Provided by: bsdgames_2.17-19_i386
huntd — hunt daemon, back-end for hunt game
huntd [-s] [-p port]
huntd controls the multi-player hunt(6) game. When it starts up, it
tries to notify all members of the hunt-players mailing list (see
sendmail(8)) by faking a talk(1) request from user “Hunt Game”.
The -s option is for running huntd forever (server mode). This is
similar to running it under the control of inetd(8) (see below), but it
consumes a process table entry when no one is playing.
The -p option changes the UDP port number used to rendezvous with the
player process and thus allows for private games of hunt. This option
turns off the notification of players on the hunt-players mailing list.
To run huntd from inetd(8), you'll need to put the hunt service in
hunt 26740/udp # multi-player/multi-host mazewars
and add the following line to /etc/inetd.conf:
hunt dgram udp wait nobody /usr/sbin/huntd huntd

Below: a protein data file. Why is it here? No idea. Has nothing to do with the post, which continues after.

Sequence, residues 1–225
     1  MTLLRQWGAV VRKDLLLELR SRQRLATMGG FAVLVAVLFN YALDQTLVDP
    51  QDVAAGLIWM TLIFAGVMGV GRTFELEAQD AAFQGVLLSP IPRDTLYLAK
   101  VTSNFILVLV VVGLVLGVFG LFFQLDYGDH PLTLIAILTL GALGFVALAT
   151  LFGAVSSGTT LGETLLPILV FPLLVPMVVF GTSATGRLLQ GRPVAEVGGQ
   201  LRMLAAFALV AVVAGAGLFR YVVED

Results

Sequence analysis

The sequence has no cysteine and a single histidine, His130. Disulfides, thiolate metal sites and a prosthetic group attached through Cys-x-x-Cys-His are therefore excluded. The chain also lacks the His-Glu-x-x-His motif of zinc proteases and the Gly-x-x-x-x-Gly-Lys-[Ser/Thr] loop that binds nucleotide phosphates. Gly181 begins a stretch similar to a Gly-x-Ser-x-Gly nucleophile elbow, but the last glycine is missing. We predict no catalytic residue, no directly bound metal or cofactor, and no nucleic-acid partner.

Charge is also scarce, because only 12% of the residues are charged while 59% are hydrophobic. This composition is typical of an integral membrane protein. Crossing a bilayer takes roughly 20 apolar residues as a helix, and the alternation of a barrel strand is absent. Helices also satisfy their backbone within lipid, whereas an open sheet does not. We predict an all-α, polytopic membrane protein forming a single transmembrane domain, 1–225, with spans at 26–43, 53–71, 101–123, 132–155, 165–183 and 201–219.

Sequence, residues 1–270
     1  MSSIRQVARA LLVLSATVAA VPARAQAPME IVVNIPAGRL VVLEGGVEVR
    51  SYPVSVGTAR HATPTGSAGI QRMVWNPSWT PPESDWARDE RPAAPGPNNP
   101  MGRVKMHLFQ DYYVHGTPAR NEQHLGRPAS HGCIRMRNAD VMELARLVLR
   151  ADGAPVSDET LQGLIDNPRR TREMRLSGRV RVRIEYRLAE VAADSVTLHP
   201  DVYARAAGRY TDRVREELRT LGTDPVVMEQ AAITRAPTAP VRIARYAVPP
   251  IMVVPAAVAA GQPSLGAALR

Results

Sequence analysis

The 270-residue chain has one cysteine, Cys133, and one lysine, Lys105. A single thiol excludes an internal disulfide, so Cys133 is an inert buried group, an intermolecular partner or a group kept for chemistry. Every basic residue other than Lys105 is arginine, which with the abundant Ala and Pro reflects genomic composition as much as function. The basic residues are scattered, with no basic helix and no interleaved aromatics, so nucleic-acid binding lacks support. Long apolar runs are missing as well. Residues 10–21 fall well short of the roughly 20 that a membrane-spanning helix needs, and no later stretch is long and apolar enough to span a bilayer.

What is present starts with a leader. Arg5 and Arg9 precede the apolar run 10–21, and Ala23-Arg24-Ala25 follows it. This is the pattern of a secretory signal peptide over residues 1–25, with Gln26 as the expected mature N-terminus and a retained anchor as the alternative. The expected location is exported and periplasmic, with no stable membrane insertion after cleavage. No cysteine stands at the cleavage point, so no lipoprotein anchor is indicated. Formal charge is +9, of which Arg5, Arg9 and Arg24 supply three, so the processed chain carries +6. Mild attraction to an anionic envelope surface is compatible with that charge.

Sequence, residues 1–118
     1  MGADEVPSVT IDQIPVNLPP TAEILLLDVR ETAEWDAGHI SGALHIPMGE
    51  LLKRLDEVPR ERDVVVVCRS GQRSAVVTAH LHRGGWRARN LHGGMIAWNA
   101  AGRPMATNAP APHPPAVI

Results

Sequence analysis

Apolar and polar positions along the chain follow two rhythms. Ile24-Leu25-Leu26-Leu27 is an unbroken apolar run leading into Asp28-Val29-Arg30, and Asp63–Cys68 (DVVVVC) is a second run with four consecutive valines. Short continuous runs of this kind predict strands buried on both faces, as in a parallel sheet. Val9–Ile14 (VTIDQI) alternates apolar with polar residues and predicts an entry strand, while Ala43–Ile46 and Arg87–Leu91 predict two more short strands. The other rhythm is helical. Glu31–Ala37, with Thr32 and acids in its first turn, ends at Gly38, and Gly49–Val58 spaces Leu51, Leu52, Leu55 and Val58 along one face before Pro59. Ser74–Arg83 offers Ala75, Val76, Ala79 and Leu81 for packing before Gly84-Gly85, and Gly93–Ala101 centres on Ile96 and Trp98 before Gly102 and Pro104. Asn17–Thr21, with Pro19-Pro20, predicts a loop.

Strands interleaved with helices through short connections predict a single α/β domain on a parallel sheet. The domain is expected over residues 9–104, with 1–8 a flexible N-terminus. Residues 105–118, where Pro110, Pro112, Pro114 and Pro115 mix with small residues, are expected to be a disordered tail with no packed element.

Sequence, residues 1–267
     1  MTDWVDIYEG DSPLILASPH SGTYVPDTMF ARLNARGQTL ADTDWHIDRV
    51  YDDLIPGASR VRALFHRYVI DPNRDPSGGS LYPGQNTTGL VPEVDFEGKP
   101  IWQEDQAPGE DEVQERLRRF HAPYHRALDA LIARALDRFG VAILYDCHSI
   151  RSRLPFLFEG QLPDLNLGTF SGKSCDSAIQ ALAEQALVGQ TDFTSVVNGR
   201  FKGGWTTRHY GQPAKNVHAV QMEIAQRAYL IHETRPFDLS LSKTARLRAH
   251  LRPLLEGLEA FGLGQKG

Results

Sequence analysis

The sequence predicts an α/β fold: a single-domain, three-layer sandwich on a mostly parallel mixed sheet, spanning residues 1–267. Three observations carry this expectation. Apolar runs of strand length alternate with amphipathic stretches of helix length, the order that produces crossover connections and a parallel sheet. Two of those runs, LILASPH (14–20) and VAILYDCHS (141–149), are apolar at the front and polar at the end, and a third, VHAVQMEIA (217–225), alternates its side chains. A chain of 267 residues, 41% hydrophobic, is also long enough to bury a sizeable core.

Do not use any of the command line options; if you want inetd(8) to start
up huntd on a private port, change the port listed for hunt in
When hunt(6) starts up, it broadcasts on the local area net (using the
broadcast address for each interface) to find a hunt game in progress.
If a huntd hears the request, it sends back the port number for the hunt
process to connect to. Otherwise, the hunt process starts up a huntd on
the local machine and tries to rendezvous with it.
talk(1), hunt(6), sendmail(8)
Conrad Huang, Ken Arnold, and Greg Couch;
University of California, San Francisco, Computer Graphics Lab
April 4, 2001